At the United Nations, Saudi Ambassador Samir Shihabi said the proposal poses a series of problems and does not address all resolutions passed by the Security Council.

Egypt's U.N. ambassador, Amre M. Moussa, called it "an important first step." But he said the proposal does not address the question of the legitimacy of the Kuwaiti government.

Said one U.N. ambassador from a Western country, who asked to remain anonymous, "This is the beginning of a very long end."

In Moscow

Aziz arrived at one of Moscow's VIP airports at 11:40 p.m. Thursday, Moscow time, in a plane the Soviets had placed at his disposal. He was driven directly to Gorbachev's office in the Kremlin, where he met with the Soviet president for about 2 hours and 20 minutes.

At 2:30 a.m. today, Ignatenko, Gorbachev's spokesman, walked into the Foreign Ministry's press center and told reporters: "After comparing their respective positions, the two sides (the Soviet Union and Iraq) came to the conclusion that it was possible to find a way out of the military conflict in the Gulf."

Ignatenko ticked off the points of the Soviet-Iraqi proposal, the final one of which said that "work on determining details of the agreement continues."

The Soviet spokesman ended by saying, "I do think that I can say, 'A very good morning.' " He added: "I think we can applaud."

Some correspondents clapped.

Ignatenko took one question.

In his introduction to the specific points in the proposal, he had said they were "approaches being evolved" in the Soviet peace process.

But now, when he was asked if any part of Gorbachev's original peace initiative had been altered to reach a final consensus with Iraq, Ignatenko would say only that Iraq had given "a positive answer" to Gorbachev's earlier recommendations.

Ignatenko said members of the U.N. Security Council, including France, Britain and China, would be informed of the new proposal, as would U.N. Secretary General Javier Perez de Cuellar.

The Security Council is likely to meet today to be briefed by Soviet representatives.

Judging by the remarks of one top Soviet Foreign Ministry official, however, there was a possibility of some remaining disagreements between Aziz and his Soviet hosts.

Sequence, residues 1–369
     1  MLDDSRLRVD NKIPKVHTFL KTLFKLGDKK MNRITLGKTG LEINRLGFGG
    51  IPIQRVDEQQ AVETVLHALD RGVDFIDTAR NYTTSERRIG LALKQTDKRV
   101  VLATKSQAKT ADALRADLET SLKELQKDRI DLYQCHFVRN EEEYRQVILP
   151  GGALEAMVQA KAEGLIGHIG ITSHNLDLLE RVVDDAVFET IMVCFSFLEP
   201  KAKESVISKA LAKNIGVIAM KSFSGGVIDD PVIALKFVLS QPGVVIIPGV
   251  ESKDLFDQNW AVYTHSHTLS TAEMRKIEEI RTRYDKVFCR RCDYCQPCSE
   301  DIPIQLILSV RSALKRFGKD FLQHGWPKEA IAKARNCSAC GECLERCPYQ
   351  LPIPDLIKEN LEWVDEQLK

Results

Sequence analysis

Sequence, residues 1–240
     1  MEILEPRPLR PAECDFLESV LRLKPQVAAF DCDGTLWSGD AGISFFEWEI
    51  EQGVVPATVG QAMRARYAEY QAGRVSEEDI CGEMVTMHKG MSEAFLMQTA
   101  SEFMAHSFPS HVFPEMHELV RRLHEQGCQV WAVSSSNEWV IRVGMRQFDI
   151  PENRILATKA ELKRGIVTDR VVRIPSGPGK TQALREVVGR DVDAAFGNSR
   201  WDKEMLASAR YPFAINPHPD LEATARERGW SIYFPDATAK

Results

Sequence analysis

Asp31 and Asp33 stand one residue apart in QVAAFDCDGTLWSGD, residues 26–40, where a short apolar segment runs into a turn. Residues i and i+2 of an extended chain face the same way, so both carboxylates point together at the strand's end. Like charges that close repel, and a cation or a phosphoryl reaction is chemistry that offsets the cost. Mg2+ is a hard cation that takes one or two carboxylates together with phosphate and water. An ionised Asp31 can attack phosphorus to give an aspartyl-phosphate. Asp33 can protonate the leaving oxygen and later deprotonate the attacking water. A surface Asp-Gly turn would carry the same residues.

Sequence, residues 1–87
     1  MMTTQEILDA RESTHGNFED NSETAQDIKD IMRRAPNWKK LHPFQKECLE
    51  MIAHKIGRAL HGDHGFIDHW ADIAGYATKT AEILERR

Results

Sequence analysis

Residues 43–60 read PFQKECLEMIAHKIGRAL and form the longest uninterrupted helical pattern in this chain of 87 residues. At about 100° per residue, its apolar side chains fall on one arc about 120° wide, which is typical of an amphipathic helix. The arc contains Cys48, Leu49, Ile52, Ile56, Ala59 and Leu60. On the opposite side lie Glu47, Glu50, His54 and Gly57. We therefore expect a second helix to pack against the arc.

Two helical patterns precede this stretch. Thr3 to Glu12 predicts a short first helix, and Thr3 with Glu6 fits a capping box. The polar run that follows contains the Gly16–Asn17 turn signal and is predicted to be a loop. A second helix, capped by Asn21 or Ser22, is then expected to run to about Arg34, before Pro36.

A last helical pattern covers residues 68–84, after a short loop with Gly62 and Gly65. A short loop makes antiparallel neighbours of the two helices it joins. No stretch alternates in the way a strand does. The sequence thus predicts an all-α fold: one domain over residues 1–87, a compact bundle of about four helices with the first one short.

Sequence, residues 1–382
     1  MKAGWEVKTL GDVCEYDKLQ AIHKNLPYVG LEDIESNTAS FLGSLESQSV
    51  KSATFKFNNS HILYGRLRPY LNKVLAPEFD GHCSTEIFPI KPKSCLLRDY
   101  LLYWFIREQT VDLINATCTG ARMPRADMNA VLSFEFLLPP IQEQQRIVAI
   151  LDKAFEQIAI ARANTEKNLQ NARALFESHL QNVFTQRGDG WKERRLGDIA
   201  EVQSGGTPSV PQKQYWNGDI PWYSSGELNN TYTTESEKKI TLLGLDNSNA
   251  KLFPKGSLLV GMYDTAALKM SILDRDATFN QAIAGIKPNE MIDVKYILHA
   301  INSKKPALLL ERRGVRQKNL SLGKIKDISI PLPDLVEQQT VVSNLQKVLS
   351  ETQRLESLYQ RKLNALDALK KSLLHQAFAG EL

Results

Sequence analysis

"There are grounds to believe that a breakthrough to peace can be made," Deputy Foreign Minister Alexander Belonogov said after the meeting between Gorbachev and Aziz broke up. But he told the official Tass news agency that much remains to be done.

"Specific plans are emerging, allowing one to believe that a peaceful settlement of the conflict is possible," Belonogov said. "But work has not been finished.

"It will continue in the morning."

Bringing peace to the Persian Gulf would be a multifaceted triumph for Gorbachev.

First, it would dust off his 1990 Nobel Peace Prize laurels at a time when many in the United States and Europe are worried about a dramatic turn to the right in Soviet domestic policy.

Second, by floating a successful peace proposal without first clearing it with the United States, Gorbachev also would demonstrate that his country is still very much a global power to be reckoned with.

Third, by negotiating a halt to the U.S.-led air raids on Baghdad, and possibly the invasion of Iraq, the Soviet Union would once again appear as an influential and loyal friend of the Arabs.

Finally, there is a domestic consideration.

Gorbachev would move to cover himself against attacks from his right flank, which in a revival of a Cold War mind-set, has seized upon the allied pummeling of Iraq as a vivid example of the American dreams of colonial conquest.

In Washington

The new Soviet-Iraqi proposal brought Secretary of State James A. Baker III directly to the White House at about 7 p.m. EST, about 25 minutes after Ignatenko began his televised statement in Moscow. After watching the statement in his office, Fitzwater, the President's spokesman, rushed from his office toward the Oval Office.

"Nothing, nothing," he said in response to reporters who shouted questions at him.

Then, after huddling with the President and his top advisers, Fitzwater appeared in the White House Press room.

He said Bush and Gorbachev "went through the various points" of the new proposal on the telephone and "President Bush did state the concerns that he felt the coalition would have on this matter, both in terms of points that are in the plan that we have problems with, as well as issues that are not included.